Browse Subject Areas

Click through the PLOS taxonomy to find articles in your field.

For more information about PLOS Subject Areas, click here.

  • Loading metrics

Inferring the Temporal Order of Cancer Gene Mutations in Individual Tumor Samples

  • Jun Guo ,

    Affiliation School of Information and Communication Engineering, Beijing University of Posts and Telecommunications, Beijing, China

  • Hanliang Guo,

    Affiliation Department of Aerospace and Mechanical Engineering, Viterbi School of Engineering, University of Southern California, Los Angeles, California, United States of America

  • Zhanyi Wang

    Affiliation Department of Industry and Market Research China Mobile Research Institute, Beijing, China

Inferring the Temporal Order of Cancer Gene Mutations in Individual Tumor Samples

  • Jun Guo, 
  • Hanliang Guo, 
  • Zhanyi Wang


27 May 2014: The PLOS ONE Staff (2014) Correction: Inferring the Temporal Order of Cancer Gene Mutations in Individual Tumor Samples. PLOS ONE 9(5): e98676. View correction


The temporal order of cancer gene mutations in tumors is essential for understanding and treating the disease. Existing methods are unable to infer the order of mutations that are identified at the same time in individual tumor samples, leaving the heterogeneity of the order unknown. Here, we show that through a complex network-based approach, which is based on the newly defined statistic –carcinogenesis information conductivity (CIC), the temporal order in individual samples can be effectively inferred. The results suggest that tumor-suppressor genes might more frequently initiate the order of mutations than oncogenes, and every type of cancer might have its own unique order of mutations. The initial mutations appear to be dedicated to acquiring the function of evading apoptosis, and some order constraints might reflect potential regularities. Our approach is completely data-driven without any parameter settings and can be expected to become more effective as more data will become available.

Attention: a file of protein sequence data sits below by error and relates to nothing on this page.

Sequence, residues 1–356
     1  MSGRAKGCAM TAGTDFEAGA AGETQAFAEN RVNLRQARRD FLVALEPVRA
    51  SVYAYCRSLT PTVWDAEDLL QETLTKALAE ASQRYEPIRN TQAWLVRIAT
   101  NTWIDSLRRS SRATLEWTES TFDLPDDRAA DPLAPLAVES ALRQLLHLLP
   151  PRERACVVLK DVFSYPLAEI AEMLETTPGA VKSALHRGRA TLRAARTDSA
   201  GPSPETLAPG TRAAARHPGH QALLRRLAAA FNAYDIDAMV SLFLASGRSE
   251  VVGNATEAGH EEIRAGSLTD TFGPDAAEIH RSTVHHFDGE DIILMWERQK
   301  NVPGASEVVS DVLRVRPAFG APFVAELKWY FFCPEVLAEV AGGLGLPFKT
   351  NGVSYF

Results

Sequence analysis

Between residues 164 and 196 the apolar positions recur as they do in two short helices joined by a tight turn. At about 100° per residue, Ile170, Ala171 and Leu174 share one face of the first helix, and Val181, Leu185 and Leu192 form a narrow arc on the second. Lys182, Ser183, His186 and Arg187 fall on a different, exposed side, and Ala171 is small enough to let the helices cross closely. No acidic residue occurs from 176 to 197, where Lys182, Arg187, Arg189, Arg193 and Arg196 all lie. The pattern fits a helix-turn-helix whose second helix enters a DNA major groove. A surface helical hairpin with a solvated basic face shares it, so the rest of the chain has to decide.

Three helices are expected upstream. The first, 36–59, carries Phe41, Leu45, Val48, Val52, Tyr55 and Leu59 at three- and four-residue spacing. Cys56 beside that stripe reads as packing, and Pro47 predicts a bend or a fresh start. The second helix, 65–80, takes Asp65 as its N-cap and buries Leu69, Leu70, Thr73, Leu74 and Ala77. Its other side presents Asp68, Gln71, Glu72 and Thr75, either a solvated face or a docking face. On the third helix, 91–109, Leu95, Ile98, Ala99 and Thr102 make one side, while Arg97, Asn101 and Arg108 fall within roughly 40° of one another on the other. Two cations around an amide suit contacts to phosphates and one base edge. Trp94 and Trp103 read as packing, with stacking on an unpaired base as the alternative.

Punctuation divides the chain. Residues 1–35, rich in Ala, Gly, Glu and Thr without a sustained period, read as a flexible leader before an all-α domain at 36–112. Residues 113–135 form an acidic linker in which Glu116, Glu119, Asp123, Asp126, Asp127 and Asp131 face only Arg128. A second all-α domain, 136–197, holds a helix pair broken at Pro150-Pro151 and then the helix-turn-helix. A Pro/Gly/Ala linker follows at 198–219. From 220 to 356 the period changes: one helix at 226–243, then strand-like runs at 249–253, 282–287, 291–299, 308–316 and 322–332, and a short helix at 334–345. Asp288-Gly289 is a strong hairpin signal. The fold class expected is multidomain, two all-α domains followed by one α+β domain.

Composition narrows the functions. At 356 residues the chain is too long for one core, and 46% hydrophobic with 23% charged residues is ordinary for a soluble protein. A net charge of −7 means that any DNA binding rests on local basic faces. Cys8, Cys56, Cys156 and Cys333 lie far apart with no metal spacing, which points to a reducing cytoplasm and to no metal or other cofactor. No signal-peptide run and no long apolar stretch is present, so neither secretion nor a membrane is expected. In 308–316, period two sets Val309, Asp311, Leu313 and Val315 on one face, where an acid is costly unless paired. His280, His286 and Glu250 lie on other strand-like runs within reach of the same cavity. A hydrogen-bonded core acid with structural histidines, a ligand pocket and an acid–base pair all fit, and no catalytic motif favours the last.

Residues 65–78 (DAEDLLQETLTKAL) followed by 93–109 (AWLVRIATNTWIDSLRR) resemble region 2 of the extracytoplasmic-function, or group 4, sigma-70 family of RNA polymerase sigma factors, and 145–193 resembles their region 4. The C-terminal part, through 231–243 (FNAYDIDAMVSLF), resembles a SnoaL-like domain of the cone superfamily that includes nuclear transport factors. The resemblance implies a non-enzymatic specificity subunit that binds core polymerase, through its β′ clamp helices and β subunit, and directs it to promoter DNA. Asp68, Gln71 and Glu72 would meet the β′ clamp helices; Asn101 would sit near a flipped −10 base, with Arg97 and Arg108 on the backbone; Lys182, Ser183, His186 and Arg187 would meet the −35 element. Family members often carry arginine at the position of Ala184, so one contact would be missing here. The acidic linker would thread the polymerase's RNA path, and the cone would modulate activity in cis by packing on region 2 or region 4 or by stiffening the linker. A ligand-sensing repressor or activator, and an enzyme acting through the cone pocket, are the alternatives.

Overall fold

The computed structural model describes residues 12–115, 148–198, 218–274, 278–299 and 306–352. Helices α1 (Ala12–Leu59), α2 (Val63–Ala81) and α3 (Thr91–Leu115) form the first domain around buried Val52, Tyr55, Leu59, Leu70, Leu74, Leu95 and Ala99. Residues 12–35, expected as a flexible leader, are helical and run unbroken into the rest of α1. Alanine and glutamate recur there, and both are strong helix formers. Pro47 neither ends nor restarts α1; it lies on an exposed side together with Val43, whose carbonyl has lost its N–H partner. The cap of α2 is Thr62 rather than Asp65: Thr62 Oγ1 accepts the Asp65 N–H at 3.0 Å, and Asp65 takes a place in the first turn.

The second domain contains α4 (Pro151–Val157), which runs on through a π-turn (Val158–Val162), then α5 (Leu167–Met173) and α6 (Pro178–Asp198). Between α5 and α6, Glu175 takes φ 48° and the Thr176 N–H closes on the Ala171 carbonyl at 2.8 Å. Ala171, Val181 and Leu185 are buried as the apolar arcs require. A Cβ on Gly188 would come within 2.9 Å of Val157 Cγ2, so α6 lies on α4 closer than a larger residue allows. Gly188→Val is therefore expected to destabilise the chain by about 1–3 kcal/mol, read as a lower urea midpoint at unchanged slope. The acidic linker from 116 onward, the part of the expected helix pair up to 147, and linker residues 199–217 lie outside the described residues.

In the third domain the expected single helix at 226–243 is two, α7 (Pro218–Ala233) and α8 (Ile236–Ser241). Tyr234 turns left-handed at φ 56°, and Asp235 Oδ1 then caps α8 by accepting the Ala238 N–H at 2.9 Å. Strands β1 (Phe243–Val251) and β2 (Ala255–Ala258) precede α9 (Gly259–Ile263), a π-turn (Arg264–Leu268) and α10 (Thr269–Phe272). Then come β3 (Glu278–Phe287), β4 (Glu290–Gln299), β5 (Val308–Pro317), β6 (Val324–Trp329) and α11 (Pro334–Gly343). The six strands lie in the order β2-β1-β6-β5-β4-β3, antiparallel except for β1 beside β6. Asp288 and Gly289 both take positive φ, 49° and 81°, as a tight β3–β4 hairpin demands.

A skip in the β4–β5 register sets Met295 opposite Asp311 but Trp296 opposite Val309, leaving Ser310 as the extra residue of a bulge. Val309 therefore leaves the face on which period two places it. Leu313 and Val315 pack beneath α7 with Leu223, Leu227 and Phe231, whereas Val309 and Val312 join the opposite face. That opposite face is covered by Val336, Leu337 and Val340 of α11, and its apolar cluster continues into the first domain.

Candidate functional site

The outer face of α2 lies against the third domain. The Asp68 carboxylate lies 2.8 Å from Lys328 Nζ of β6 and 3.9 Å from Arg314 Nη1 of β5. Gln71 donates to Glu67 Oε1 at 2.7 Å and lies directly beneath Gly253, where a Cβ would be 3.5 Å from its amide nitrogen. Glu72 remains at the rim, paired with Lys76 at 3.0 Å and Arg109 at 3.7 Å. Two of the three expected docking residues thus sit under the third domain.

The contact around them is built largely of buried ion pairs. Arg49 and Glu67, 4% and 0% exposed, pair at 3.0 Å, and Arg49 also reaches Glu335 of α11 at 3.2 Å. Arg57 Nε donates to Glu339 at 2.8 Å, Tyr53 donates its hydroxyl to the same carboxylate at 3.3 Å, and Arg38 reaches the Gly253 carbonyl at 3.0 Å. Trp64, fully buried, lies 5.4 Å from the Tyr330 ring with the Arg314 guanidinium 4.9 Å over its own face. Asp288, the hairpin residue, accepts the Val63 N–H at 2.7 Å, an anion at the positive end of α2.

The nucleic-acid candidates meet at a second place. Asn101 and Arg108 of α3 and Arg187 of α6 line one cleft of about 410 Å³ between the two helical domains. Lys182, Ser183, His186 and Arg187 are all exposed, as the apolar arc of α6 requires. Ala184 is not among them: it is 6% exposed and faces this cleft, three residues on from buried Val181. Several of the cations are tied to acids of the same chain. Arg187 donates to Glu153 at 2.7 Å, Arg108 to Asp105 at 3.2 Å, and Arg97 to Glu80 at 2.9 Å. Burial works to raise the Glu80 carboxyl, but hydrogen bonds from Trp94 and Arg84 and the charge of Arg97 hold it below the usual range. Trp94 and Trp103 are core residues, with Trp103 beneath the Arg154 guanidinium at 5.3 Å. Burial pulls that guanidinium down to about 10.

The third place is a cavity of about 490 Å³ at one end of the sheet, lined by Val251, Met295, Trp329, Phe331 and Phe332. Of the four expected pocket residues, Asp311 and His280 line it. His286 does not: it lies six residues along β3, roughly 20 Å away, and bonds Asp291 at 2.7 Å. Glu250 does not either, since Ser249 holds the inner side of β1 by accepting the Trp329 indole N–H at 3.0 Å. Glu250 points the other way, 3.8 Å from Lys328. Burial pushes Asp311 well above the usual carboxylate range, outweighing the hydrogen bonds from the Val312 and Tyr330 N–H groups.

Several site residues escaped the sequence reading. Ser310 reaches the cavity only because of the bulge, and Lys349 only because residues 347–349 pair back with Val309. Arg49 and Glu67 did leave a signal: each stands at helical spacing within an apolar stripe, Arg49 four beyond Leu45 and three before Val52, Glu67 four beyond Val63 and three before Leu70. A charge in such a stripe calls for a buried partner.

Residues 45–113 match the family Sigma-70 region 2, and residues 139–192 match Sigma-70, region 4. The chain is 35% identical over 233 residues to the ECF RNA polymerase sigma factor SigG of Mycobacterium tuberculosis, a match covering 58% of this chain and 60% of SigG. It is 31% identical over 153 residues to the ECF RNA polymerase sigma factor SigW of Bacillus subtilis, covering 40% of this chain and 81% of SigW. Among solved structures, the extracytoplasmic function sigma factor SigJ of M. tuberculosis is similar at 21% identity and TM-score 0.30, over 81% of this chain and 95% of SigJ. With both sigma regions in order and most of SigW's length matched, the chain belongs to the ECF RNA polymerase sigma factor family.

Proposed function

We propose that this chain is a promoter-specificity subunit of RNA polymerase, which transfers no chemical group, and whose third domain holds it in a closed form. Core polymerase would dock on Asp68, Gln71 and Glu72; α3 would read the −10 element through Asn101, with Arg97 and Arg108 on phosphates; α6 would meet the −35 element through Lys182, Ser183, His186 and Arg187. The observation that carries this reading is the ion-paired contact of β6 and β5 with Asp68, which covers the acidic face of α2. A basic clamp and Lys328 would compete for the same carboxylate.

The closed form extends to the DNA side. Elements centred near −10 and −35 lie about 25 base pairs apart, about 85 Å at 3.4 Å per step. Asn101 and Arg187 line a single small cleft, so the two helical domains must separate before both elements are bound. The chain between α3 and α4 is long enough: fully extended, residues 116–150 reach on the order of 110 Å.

Cancer is a genetic disease caused by the mutation of cancer genes consisting of oncogenes and tumor-suppressor genes. In most cancer cases, multiple mutations occur in a procedure known as tumor progression [1], [2]. To understand tumor progression, studies have been performed to model general regularities on the temporal order of mutations for a given type of cancer using both experimental and computational approaches [3][7]. As a canonical model, the order of mutations for colorectal cancer was reconstructed through tumor size and grade [8]. The latest computational models infer the typical temporal order constraints for certain type of cancers by simulating tumor progression as a stochastic process [9][11]. Despite this progress, there is still no well-defined method to infer the order of mutations identified at the same time in individual samples, although this inference is necessary to reveal the heterogeneity of the order of mutations in a cancer. Recently, as new generation sequencing becomes widely applied, the mutation landscapes in various cancers are being revealed one by one. The results have shown that the mutations in a cancer frequently demonstrate statistical correlations with each other or even cause-and-effect linkages of induction between the former and the latter [12][18]. However, these correlations/linkages have not been fully exploited in inferring the temporal order of mutations.